Skype for Windows Phone 8 Preview Now Available


Microsoft’s Skype for Windows Phone 8 is now available for download as Preview.

We reviewed the beta version of the app in October, and found much to like — in particular, the smart layout, call reliability and fast operation.

The Preview version of the app is not for everyone, though — Microsoft notes that the “experiences” in the app are “not yet final.” Specifically, Microsoft says there might be issues with “call reliability and the ability to receive incoming calls and chat notifications when outside of the app.”

Still, if you’re aware of the potential issues, Skype for Windows 8 Phone Preview is a good choice if you want to see a very smart and stylish Windows Phone 8 app.

Skype for Windows Phone 8 Preview is available for free at the Windows Phone Store.

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Zappos Launches Native Windows Phone App


Image: Mashable composite. Mashable, Zappos.

You can now add Zappos to the list of companies slowly making their way to Windows Phone.

The Las Vegas-based retailer launched its first Windows Phone app Tuesday. Zappos developed the app through a partnership with Microsoft.

Unlike some Windows Phone apps — such as the one recently launched for Pinterest — Zappos’ app is a true native app, and not just a shortcut to its mobile site.

“Windows Phone doesn’t have a lot of native apps,” Aki Iida, Zappos’ head of mobile, told Mashable. “When you build web apps, one of the main challenges that you have is you have to build the same experience for all devices. With native experience, you can build technology that allows you to make all the transitions much smoother and easier.”

Zappos Windows Phone

Image: Zappos

The Windows Phone app has the same basic functionality as Zappos’ existing iOS and Android offerings, including free shipping on all orders placed through the app. However, it has fewer features overall. For example, the Windows Phone app doesn’t allow users to initiate returns, track orders or manage their account information.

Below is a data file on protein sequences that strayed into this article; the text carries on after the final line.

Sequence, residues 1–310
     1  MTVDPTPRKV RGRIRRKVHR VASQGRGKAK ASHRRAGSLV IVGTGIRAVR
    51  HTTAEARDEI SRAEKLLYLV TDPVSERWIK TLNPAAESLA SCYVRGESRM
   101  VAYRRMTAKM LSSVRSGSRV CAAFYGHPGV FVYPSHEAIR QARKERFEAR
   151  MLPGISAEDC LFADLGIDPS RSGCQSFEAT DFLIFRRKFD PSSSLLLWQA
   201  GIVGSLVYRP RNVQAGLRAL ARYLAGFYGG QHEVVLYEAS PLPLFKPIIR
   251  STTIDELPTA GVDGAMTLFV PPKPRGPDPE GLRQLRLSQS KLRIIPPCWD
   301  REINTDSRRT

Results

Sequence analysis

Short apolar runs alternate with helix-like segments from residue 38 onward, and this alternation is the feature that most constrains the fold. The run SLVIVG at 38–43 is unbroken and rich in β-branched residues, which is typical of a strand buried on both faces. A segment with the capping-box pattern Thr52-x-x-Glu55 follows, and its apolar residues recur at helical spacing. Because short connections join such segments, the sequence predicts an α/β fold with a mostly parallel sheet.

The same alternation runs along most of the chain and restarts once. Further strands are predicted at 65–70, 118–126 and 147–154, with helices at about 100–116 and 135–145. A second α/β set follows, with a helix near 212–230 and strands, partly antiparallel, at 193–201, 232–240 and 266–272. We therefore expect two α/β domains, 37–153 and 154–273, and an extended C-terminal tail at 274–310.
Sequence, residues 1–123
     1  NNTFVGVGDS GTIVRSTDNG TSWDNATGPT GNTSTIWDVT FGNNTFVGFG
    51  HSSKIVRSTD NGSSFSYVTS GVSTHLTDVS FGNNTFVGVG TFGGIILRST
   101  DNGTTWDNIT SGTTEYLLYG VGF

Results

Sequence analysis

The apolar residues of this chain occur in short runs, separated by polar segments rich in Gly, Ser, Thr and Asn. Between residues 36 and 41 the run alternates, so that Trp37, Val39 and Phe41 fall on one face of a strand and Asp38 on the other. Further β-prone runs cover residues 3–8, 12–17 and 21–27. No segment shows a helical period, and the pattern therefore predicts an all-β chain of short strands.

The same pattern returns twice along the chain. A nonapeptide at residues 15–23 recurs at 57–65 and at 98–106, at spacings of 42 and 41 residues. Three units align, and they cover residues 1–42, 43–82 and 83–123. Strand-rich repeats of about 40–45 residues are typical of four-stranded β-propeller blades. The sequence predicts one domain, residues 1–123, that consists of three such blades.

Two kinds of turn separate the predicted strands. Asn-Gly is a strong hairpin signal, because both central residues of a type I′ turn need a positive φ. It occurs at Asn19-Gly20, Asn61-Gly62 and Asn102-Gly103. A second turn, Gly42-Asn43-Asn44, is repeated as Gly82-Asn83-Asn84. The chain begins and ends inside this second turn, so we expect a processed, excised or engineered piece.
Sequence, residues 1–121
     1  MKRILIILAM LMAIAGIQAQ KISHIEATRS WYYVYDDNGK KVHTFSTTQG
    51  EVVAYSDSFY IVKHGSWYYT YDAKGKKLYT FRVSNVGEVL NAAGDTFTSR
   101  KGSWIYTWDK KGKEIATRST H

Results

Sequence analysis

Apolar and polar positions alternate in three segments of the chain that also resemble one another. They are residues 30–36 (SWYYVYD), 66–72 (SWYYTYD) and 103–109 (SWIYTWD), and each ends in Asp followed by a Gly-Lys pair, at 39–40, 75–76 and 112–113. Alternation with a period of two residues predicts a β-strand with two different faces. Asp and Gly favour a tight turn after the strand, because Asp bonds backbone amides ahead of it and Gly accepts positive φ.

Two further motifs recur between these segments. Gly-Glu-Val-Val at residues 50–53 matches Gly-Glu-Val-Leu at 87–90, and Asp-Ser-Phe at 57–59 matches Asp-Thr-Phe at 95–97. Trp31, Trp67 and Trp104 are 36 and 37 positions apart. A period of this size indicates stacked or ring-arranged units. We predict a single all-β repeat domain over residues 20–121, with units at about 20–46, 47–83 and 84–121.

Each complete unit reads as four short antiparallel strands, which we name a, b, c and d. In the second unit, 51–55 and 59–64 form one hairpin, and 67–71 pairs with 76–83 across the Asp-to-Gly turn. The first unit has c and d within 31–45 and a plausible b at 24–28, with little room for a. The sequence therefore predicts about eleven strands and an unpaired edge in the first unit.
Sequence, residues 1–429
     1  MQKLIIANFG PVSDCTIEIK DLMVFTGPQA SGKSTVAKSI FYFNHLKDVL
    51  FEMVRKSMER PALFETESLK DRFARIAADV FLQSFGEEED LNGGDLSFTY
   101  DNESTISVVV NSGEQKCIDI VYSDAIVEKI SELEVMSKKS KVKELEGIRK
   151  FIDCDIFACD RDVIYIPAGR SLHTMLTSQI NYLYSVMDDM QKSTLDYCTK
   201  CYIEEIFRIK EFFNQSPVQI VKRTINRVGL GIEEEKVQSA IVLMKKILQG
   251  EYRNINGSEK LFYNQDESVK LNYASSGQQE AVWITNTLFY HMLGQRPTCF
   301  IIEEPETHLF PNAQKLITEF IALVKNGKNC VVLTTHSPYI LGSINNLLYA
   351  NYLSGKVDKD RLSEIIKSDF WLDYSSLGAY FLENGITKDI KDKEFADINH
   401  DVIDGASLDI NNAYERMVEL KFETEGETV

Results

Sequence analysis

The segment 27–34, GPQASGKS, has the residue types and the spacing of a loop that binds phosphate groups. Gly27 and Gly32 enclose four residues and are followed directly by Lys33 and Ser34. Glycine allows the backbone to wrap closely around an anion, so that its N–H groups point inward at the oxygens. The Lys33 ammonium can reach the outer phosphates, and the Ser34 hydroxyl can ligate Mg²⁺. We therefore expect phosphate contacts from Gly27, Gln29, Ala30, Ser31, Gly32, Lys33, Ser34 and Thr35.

This highlights a much bigger problem with the Windows Phone platform. Companies are often reluctant to spend the time and resources developing native Windows Phone apps, and even when they do — as we’ve seen recently with Pinterest, Spotify and Instagram, which is still in beta more than a year after its launch — the apps are rarely on par with their iOS and Android counterparts.

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How I Fixed My Battery Issues on the Nokia Lumia 920


How does an Apple fangirl survive the weekend after switching from an iPhone 5 to Nokia’s Lumia 920 running Windows Phone? It turns out, surprisingly well.

I had a few issues getting my videos up over the weekend, but this post-dated entry follows up on my battery life issues (and how I think I’ve solved them), discusses the camera, and includes discussion of my first weekend with the Lumia 920.

Day 4, 5, 6: Weekend Bonanza

The good news is my battery life is significantly better than it was at the end of the week. After speaking with Microsoft, I followed their advice and uninstalled and reinstalled Skype and Facebook.

Apparently, there are issues with some apps and the way Windows Phone’s servers are syncing data that has caused some phones to enter some kind of infinite loop, which stresses out the battery.

I don’t know if those steps totally fixed the problem, but I did notice battery life was significantly improved — especially while idle.